Deep Concerns About New Employment Decree


I have now read the decree and compared it with the 2007 Employment Relations Promulgation, that it supercedes for the 11 "essential" industries.

My preliminary opinion is that the ENIED is
  • Unnecessary if, indeed, its purpose is to protect essential industries
  • Its major concerns are already addressed by the 2007 promulgation
  • It  effectively removes most of the protection offered to workers by the earlier legislation
  • and it is very definitely seeks to undermine the influence of trade unions.

The Decree defines essential industries (Part 1,2 (a)) as those "vital to ... the success of the Fiji national economy or gross national product (GDP) or those in which the Fiji Government has a majority or essential interest."

The 11 chosen are a surprise. All are "tertiary" industries. For the time being the Decree does not directly affect primary or secondary industries, such as sugar, mining, fishing or forestry,  that one might have thought more closely related to increasing GDP. I cannot accept the Attorney-General's blithe assurance that "We've identified various sectors that we believe are critical to economic growth in Fiji," There must be far more to it than that. Quite frankly, the Decree puzzles and disturbs me.

I am sending a draft of what I think at the moment to contacts in Fiji and will await their responses before making a substantial comment.  Meanwhile, I will publish items in the media on the decree and welcome readers' comments.

Comment by ILO published on FLP website.
Comment by ANZ head.


it is simple said…
It's pretty simple Croz. Union leaders are also current or possible future political candidaes. This removes their day to day funding which removes them as a threat. Nothing can get in the way of Team Frank when the 2014election comes. One way or another Qarase and Chaudry are gone and will not be allowed to particpate. This action removes any unions that might want to participate. Also remember the 2007 bill was the work of the Qarase government and only pushed through when Chaudry was running the show.

Animal Farm said…
I tend to agree with you on your comments. Does this latest decree provide a chilling prediction of where Fiji is heading?
What we are witnessing in Fiji is a political system where those controlling the state (unelected)recognize no limits to their authority and appear to be striving to regulate every aspect of public and private life wherever feasible. Moreover we have all-encompassing propaganda disseminated through a censored and state-controlled mass media, increasing control over the economy, regulation and restriction of speech (the PER), surveillance of the people, and widespread use of targeted intimidation as a means of repression. I do not see any of this as being positive for the future of Fiji?
Miaw said…
Kai Yum should go.

Very unpopular AG.
No Jobs in a Double Dip said…
With no small to medium-sized enterprises left (SMEs), Fiji will struggle to create employment for the masses of already non-productive citizenry. Add the coming Global Recession aka Double Dip and there is serious economic implosion looming. No amount of talking this up will suffice. Big Business will see off SMEs. The recent FEF Talk Fest was indicative of where things are heading. The long-term unemployed are a serious risk. Room for manoeuvre is shrinking.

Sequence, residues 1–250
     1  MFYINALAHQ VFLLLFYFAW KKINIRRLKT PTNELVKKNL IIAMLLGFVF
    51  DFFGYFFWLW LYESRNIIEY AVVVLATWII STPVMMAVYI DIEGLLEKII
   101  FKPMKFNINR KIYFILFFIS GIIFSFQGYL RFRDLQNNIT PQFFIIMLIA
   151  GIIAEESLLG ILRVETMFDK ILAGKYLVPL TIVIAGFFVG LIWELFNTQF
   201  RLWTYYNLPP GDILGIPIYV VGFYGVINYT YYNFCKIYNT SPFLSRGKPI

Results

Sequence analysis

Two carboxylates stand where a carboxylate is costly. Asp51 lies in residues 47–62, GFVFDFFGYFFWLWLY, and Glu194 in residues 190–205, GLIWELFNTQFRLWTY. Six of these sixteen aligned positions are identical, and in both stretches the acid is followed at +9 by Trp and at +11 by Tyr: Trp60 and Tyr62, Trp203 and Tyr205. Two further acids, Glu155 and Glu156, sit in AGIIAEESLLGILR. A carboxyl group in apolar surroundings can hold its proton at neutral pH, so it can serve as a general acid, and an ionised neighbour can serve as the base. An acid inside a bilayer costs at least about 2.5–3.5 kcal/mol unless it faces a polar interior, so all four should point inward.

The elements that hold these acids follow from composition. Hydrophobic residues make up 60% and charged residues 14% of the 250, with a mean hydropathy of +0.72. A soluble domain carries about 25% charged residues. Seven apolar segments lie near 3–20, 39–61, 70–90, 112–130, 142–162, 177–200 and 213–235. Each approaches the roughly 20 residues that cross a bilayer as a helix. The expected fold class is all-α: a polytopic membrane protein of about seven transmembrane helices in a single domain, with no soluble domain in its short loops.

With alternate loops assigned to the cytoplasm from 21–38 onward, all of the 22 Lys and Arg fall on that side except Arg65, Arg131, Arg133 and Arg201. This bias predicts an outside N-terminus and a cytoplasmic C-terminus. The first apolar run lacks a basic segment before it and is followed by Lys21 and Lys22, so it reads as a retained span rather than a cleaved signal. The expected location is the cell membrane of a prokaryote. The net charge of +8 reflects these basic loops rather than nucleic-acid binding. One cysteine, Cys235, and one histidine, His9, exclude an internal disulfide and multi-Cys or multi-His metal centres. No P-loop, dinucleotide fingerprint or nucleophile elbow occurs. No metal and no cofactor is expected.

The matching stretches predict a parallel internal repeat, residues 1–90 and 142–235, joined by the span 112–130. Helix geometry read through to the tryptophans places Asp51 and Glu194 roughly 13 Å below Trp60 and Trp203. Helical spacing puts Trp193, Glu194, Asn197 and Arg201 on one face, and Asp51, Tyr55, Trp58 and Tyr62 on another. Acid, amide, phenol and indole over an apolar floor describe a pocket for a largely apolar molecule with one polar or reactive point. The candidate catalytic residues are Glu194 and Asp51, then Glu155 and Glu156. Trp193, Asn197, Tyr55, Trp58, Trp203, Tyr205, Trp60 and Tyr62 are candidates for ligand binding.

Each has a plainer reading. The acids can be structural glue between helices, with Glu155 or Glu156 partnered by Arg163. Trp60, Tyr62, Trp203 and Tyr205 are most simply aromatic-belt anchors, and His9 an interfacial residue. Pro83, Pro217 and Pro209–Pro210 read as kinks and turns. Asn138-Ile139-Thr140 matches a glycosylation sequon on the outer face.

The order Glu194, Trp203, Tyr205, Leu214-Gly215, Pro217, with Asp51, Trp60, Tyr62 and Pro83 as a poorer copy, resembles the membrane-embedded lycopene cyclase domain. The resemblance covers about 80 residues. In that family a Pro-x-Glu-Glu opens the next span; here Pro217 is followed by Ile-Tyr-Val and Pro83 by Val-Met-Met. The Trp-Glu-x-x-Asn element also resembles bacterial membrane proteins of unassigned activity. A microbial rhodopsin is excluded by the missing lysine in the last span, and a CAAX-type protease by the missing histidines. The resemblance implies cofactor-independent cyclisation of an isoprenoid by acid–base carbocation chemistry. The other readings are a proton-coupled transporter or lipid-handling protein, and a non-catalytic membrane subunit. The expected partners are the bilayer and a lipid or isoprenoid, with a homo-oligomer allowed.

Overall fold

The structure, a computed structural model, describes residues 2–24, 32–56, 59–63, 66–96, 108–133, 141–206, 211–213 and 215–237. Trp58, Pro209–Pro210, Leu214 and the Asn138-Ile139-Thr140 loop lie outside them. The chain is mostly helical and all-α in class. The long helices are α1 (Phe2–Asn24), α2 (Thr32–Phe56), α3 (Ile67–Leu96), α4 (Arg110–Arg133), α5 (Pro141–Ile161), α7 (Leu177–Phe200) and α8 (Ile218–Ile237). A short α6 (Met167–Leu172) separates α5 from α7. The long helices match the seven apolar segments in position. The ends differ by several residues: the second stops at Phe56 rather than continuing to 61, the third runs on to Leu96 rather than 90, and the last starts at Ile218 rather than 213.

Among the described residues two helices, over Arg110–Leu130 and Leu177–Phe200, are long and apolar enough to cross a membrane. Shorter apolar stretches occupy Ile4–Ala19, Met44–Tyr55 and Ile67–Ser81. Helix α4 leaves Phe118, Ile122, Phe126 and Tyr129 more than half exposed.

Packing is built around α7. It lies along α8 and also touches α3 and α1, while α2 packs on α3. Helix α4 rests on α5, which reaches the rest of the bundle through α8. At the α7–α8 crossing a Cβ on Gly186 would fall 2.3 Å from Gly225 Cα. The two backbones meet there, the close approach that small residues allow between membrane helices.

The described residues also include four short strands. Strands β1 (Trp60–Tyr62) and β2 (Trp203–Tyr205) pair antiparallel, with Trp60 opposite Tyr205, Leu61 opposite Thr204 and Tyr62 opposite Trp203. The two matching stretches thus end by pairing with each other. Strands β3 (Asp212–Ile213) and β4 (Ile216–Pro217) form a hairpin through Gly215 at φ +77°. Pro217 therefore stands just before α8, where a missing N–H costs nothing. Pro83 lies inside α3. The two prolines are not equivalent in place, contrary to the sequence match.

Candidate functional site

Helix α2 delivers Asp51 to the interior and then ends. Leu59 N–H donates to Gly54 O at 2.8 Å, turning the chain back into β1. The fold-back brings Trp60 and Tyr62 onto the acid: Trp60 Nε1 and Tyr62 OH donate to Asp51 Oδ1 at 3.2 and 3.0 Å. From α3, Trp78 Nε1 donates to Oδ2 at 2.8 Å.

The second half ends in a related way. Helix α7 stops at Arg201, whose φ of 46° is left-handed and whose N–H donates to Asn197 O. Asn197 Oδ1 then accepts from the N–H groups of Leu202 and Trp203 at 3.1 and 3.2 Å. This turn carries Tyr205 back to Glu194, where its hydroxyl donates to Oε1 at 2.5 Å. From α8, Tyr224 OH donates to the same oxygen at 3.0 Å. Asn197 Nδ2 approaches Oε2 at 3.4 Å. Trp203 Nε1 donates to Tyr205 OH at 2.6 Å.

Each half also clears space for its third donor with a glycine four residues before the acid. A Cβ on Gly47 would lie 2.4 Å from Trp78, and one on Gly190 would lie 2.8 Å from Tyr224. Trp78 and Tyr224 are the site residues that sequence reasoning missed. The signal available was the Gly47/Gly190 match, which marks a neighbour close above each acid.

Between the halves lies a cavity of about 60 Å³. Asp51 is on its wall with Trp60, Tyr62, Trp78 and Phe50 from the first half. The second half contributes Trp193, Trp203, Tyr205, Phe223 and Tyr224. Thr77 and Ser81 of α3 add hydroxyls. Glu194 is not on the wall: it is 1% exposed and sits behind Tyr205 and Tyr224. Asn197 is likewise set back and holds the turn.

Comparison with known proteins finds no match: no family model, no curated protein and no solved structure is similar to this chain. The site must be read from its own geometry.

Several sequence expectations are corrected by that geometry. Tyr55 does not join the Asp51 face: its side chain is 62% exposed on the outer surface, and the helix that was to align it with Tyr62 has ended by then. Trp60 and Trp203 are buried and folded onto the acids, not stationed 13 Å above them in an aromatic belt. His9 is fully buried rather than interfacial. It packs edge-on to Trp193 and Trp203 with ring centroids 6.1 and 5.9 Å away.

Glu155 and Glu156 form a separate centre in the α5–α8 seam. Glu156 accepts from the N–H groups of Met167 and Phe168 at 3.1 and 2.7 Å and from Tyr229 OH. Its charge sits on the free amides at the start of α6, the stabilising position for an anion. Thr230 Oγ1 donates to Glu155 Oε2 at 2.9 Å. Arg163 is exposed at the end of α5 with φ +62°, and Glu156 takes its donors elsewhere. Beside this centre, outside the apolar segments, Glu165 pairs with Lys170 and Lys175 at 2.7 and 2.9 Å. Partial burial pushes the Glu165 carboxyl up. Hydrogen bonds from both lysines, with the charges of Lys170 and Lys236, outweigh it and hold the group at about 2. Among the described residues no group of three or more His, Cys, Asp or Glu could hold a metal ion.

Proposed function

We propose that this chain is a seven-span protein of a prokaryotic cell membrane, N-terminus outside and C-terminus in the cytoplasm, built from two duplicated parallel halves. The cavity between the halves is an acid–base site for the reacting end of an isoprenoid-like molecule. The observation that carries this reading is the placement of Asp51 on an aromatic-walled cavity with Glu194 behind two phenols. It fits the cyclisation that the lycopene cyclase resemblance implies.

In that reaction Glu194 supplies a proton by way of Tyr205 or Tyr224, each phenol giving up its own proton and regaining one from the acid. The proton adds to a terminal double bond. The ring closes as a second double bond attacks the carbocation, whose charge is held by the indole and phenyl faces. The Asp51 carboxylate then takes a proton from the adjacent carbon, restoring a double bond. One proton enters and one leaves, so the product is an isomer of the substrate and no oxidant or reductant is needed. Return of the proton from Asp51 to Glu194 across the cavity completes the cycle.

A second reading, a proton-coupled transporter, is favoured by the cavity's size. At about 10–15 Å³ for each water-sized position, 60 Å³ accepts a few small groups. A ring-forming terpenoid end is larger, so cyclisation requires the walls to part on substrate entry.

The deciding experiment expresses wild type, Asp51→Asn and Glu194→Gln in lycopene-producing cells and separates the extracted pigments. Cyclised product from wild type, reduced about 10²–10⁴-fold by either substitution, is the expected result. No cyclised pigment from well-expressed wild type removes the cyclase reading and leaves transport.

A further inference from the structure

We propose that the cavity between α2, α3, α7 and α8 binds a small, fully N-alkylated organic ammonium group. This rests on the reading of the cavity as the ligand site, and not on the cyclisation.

Sad Daze said…
"Unlimited power is apt to corrupt the minds of those who possess it" and this seems true of what is now happening. Frank has not only given too much power on many fronts to one man, he has also given him absolute control. In the end Frank will get the blame.
yea yea said…
I think you need to be more concerned about how the new constitution is going to be developed and how 'free' and 'fair' the promised elections will be.

This decree is designed remove independant unionists. The likes of Pramod Rae will be no more without the free flow of cash he picks up with his union gig. I doubt bank emloyees will be any worse off. Government does not want any opposition so they have to silence all know players - first church and now cashed up unions.

What really worries me is:

Who will be allowed to fight the next election ?

What will the requirements be for new political parties ?
Lesley said…
What have the Unions actually done for the workers of Fiji over the years? It would be helpful to have a list of the Union's achievements.Perhaps this is a good time for the Unions to also be accountable to their members and even non-members e.g. those who get paid $1.50 per hour cleaning or the house-girls/gardeners who get paid very little because their employer can get away with it - even though the employer could well afford to pay more per hour. The Unions should be jumping up and down about this. Instead they seem more worried about their own comforts and status in Fiji. I would be interested to know what your thoughts are about this.
Kevin Barr said…
Lesley is quite off the mark. Of course Union Leaders and many of us are concerned about the wages received by domestic workers and opther low paid workers who are exploited. They are not unionised nor do they come under the ten Wages Councils unfortunately. There have been plans for a number of years to have them included under a Miscellaneous Wages Council but this has not yet eventuated. The Unions appoint one representative to each of the ten wages councils and those they appoint are excellent and do a great job. The fate of workers not covered by Unions or Wages Councils often comes up in meetings of the Employmnet Relations Advisory Board (ERAB) and the Union Leaders present speak out strongly on their behalf. So venting anger against Unionists is quite misplaced.
Fatima said…
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